The node.js process global what to know

The process global in node.js is helpful for getting information on, and control over, the current process. When making node.js applications chances are you are going to use at least some of it’s properties to grab at environment variables, and arguments given from the command line when a script is called directly. In addition it can also be used to set some event handlers to give control over the process.

process.argv

This is thus far one of the properties of the process global that I use very often. When a module is called directly from the command line, and arguments are given, they should show up in the array provided here.

say I have an ecco.js file like this

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console.log(process.argv[2]);

It will log what I give to it when called

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$ node ecco hello
hello

If I am doing something that involves a lot of arguments I will want to use some kind of option parser such as nopt.

process.env

This is another must know in the process global that comes in handy when I need to do anything that involves environment variables. When deploying a application to a hosting company there might be important information that I need to grab at such as a port, or password to a database, that is stored in an environment variable in the operating system environment when deploying. For example getting the port to connect to when making an app that I will be deploying to heroku, it will want to do something like this in my server.js file that will be called when it spins up.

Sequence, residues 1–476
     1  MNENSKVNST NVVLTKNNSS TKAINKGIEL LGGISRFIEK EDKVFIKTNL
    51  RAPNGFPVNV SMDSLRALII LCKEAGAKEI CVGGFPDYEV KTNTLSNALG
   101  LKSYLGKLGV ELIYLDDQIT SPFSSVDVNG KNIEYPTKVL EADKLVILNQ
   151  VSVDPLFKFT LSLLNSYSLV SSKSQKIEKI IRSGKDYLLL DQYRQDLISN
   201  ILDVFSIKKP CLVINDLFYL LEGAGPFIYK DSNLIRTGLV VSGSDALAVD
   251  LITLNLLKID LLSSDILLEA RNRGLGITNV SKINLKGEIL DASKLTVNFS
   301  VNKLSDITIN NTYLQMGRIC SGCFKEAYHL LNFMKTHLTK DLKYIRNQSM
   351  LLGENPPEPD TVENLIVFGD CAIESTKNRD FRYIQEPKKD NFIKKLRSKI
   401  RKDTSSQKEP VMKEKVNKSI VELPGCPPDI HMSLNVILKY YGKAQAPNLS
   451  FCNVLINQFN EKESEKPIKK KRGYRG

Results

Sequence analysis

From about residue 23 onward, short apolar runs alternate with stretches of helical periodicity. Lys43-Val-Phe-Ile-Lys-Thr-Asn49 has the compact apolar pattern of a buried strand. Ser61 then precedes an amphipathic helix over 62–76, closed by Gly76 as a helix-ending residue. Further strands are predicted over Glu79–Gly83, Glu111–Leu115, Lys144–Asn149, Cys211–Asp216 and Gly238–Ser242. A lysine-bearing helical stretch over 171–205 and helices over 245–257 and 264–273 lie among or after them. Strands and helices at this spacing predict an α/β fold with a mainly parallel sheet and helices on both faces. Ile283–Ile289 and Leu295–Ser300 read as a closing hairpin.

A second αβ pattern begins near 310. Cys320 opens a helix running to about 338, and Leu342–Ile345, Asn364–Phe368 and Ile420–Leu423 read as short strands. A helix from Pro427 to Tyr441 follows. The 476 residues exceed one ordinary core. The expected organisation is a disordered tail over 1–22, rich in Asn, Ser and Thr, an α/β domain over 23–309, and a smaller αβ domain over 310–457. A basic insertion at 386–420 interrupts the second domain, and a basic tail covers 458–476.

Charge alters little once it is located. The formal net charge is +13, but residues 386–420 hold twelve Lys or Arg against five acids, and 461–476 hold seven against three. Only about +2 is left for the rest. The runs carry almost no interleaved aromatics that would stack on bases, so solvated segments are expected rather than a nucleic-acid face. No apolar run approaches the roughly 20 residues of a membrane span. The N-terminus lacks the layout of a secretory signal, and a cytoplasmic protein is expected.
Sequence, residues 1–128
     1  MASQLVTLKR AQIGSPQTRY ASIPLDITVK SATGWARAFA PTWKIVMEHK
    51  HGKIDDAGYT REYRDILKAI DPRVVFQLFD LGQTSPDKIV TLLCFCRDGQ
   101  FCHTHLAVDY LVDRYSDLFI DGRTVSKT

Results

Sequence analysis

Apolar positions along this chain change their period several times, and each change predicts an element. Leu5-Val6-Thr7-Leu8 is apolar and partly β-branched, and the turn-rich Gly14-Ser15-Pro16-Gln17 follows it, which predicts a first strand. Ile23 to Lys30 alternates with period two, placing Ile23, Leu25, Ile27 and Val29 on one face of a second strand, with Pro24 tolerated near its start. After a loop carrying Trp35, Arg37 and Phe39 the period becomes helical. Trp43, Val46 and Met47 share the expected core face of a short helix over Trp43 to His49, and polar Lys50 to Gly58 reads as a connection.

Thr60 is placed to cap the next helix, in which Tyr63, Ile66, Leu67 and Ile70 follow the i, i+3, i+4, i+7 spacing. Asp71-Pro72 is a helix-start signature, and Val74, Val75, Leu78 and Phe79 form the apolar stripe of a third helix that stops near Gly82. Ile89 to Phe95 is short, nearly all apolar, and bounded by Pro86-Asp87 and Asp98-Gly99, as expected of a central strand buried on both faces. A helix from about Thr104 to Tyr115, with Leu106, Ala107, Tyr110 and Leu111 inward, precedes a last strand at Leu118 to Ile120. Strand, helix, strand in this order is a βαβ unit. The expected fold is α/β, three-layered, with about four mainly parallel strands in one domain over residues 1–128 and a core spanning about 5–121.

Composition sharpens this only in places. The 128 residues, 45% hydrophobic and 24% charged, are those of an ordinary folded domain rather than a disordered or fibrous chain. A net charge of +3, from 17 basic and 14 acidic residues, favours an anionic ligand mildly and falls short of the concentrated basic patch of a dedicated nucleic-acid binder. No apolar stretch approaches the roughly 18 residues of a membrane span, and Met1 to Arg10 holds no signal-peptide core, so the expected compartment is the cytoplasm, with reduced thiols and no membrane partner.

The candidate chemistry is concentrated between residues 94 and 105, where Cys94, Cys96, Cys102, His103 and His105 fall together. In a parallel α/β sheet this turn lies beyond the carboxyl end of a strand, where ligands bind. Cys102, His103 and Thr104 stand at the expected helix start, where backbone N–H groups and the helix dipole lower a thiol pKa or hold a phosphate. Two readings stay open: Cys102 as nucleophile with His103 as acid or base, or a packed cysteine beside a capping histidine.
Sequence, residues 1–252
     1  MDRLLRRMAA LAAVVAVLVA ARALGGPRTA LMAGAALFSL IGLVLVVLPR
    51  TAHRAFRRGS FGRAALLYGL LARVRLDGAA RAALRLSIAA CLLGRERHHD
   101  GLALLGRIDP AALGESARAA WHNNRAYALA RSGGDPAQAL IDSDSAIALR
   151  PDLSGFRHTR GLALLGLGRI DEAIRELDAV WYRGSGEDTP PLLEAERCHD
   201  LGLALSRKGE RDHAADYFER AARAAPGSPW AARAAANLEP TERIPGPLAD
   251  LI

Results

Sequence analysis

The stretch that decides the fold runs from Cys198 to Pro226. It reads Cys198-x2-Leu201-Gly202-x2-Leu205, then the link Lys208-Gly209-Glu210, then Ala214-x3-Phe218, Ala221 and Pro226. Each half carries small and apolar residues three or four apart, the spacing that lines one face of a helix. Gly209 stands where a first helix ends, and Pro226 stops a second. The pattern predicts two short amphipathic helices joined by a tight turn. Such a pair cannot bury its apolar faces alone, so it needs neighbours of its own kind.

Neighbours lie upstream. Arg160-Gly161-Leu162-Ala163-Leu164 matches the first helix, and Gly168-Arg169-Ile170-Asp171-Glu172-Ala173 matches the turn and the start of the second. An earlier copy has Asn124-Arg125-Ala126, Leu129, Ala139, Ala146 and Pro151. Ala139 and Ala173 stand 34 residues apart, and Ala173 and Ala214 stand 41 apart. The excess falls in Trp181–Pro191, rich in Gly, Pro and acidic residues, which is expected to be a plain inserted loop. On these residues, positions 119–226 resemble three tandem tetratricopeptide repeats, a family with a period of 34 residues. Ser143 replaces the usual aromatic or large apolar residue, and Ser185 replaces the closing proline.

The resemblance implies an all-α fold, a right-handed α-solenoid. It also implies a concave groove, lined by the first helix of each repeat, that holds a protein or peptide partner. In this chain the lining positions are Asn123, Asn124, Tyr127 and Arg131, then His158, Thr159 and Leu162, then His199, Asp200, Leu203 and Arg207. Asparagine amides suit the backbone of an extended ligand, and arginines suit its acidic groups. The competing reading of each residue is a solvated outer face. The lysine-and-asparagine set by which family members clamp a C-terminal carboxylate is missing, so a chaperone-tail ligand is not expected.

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let port = process.env.PORT || process.argv[2] || 8080;

When I deploy to heroku the server will use the port specified in the PORT environment variable, and when starting the script locally I can specify a port via the command line or else it will default to the hard coded value of 8080.

Message, and disconnect events

With the process global there are a bunch of events that can be used to help give control over the process including Inter-process communication I am new to this but I was able to put together a working demo pretty quickly when it comes to sending a simple message to a child-process.

This requires starting another module from within a module using the fork method of the child_process, or cluster modules.

I have a child.js file that makes use of the message, and disconnect events like this:

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process.on('message', function (n) {
if (n === 42) {
console.log('yes that is the answer');
} else {
console.log('nope');
}
});
process.on('disconnect', function (a, b) {
console.log('okay, goodbye');
});

and an index.js file that starts, and kills that child process with the fork method.

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let fork = require('child_process').fork,
child = fork('child');
child.send(2);
child.send(12);
child.send(42);
child.disconnect();

When I call index.js from the command line I get what I expect.

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$ node index
nope
nope
yes that is the answer
okay, goodbye

Conclusion

The process global contains many more useful methods, and values I will expand on process more in the future as I work on more demos.

happy coding